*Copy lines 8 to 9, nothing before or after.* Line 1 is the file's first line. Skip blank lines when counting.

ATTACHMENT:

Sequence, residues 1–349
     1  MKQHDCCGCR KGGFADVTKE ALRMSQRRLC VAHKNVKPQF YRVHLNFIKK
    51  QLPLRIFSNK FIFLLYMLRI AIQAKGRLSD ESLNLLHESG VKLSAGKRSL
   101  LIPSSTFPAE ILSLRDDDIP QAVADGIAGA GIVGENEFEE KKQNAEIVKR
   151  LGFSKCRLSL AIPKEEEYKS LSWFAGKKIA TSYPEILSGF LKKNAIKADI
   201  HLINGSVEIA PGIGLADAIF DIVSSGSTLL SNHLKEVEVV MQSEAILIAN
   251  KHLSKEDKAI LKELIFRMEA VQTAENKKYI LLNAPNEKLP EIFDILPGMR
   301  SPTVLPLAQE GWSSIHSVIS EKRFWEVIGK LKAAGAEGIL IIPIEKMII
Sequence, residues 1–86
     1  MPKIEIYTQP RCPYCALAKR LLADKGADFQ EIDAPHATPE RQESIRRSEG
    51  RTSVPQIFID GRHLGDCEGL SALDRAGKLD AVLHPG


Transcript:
   301  SPTVLPLAQE GWSSIHSVIS EKRFWEVIGK LKAAGAEGIL IIPIEKMII
Sequence, residues 1–86